TIME is running out for the West to utilise the spring-back mechanism to UNSCR2231(UN Security Council Resolution) to force the return of all UN sanctions, given Iran is currently spinning enough advanced centrifuges to produce high-enriched uranium for several nuclear bombs. The missile embargo and sanctions end in a few months, the nuclear restrictions in 2024. The UN Resolution would leave Iran isolated in the world with the Mullahs and the Revolutionary Guard specifically sanctioned.

The events in Iran affect all of us. The Director-General of MI5 said that Tehran security services were threatening prominent UK citizens and, last month, counter-terrorism officers intercepted uranium at Heathrow destined for use against Iranian dissidents. In the Gulf the Royal Navy intercepts thousands of tons of illicit drugs bound for our streets and Iranian component parts of drones and cruise missiles. Nazanin Zaghari-Ratcliffe was held from 2016 to 2021. Last month UK national Alireza Akbari was executed.

Rishi Sunak condemned the atrocity but also called on allies to work together to remove the threat of Iranian drones. The Shahed and Mohajer drones,with multiple warheads, and Farsi markings, cause carnage in Ukraine, but they destabilise the Middle East as they are given to proxy militias like Hamas and Hezbollah. So far only Israel has launched an attack at the manufacturer in Isfahan. Then there is Iran's barbarism against its own people.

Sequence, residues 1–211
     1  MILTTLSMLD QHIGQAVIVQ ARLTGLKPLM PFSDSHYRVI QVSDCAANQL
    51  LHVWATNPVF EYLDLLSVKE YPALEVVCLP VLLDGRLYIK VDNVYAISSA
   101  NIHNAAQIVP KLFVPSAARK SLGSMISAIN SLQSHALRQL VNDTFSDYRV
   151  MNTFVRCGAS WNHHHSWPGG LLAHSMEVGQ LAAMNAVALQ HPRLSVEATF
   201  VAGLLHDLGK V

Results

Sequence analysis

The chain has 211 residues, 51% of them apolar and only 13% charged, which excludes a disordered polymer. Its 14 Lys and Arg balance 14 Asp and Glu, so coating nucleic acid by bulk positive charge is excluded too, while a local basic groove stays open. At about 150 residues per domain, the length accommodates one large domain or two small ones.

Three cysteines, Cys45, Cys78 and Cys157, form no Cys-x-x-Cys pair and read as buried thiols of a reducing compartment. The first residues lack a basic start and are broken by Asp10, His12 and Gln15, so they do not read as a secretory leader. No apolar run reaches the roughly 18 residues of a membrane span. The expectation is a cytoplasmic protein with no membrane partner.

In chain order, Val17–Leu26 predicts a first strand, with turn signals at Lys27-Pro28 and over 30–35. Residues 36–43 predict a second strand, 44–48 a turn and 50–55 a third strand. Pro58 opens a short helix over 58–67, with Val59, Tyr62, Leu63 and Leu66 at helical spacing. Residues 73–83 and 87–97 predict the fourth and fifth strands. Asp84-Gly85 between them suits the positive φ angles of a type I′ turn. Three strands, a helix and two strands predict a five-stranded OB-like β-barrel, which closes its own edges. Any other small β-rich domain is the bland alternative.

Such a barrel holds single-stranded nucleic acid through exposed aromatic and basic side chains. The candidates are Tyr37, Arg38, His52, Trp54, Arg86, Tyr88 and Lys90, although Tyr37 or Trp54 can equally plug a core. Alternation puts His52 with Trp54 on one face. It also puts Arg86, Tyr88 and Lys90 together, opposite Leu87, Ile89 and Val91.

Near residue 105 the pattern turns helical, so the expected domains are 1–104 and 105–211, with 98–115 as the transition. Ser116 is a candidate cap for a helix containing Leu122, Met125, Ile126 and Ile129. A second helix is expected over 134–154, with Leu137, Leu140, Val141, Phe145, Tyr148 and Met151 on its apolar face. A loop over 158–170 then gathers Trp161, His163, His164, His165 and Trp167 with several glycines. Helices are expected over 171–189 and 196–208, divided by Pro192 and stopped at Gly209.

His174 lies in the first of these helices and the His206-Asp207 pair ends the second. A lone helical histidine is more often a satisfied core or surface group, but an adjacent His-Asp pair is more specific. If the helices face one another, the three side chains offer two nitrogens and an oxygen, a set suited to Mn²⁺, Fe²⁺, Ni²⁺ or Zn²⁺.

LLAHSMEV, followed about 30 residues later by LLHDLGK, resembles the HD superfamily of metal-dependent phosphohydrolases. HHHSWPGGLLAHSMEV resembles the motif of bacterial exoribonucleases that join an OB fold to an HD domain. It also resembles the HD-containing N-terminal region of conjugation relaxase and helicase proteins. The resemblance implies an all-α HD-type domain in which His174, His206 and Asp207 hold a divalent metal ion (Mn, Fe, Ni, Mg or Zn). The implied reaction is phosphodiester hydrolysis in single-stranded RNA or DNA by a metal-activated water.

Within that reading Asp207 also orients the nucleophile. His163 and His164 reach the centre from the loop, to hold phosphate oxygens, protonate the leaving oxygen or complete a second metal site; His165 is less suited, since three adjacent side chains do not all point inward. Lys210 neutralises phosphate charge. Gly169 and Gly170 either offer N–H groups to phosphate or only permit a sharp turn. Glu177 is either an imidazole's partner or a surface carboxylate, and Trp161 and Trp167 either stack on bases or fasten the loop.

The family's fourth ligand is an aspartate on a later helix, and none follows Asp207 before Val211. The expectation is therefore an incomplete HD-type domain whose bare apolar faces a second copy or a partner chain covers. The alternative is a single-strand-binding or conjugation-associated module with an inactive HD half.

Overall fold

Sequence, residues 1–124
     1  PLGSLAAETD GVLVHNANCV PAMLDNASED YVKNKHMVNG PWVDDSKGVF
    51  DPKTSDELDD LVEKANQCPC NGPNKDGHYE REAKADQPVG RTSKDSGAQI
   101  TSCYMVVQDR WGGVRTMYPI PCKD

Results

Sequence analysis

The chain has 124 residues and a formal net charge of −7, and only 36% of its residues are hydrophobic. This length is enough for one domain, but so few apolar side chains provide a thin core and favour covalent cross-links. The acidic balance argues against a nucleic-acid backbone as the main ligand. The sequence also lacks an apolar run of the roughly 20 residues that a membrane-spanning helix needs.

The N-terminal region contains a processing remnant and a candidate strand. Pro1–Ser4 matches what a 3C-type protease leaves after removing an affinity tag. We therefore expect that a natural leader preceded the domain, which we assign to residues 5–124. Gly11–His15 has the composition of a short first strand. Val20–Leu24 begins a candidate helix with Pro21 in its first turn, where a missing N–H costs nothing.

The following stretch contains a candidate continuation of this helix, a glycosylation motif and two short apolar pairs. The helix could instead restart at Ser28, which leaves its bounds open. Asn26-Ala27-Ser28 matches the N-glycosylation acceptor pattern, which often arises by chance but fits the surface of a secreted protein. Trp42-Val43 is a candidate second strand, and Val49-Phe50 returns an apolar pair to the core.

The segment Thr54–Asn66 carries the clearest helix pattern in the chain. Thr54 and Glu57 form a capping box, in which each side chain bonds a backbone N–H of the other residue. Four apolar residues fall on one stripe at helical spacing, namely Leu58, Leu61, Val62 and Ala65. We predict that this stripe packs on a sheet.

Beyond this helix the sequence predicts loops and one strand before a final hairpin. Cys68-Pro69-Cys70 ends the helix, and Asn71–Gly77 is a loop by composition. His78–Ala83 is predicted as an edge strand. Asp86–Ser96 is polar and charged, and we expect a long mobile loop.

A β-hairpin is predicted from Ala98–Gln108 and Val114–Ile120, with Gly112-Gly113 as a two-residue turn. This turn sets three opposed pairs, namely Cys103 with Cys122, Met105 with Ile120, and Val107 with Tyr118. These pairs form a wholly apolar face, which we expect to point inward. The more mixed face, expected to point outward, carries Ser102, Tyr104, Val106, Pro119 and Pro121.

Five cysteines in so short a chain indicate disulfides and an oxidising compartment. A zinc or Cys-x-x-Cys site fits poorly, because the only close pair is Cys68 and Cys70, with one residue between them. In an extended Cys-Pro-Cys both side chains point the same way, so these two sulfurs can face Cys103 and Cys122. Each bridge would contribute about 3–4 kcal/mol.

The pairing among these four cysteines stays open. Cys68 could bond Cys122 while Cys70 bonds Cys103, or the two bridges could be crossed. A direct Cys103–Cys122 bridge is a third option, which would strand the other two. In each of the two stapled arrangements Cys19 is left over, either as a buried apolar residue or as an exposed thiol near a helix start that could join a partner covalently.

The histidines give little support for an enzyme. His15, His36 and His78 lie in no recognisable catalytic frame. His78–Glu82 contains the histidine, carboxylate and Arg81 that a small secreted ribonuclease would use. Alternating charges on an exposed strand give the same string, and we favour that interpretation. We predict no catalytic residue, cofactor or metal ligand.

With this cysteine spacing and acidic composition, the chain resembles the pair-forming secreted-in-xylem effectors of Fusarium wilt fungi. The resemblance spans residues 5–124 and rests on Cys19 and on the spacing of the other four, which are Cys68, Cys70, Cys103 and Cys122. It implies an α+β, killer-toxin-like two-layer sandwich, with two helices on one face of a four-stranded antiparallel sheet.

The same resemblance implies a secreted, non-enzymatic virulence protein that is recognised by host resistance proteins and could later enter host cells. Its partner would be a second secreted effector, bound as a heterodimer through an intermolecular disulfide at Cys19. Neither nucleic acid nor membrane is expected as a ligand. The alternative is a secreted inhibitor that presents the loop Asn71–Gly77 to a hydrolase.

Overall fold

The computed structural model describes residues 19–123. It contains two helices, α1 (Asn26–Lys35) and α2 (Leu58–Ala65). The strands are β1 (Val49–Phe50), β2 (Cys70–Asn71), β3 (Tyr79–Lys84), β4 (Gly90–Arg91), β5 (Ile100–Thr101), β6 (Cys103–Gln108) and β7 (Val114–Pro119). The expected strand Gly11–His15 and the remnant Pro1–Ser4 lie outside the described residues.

Iran is locked in a war between its medieval Islamic theocracy and, remarkably, Generation Z. What civilised regime turns its guns on teenage schoolgirls, who are protesting or not wearing the hijab? Yes, we noticed Iran's footballers in the World Cup not singing their national anthem. But we are not being made aware of the 15,000 writers, musicians, actresses, rappers, teachers, nurses and sports stars who are languishing in the cesspit prisons. There is open revolt in all 31 provinces as teenage girls, empowered by 30 months out of Covid-hit high schools, have missed out on indoctrination.

Our news media, shamefully, do not take seriously the proposal in the Iranian Parliament that all 15,000 be executed. Their average age is 15 in a country where 60% are aged under 30.Where are the #me too marches for the dead Iranian teenage girls?

The main opposition party, MEK, is aiding resistance by ensuring the young are unaffected by the internet going off and successfully hacking TV news, but it is crying out for western support. Is this really much different from Ukraine?

John V Lloyd, Inverkeithing.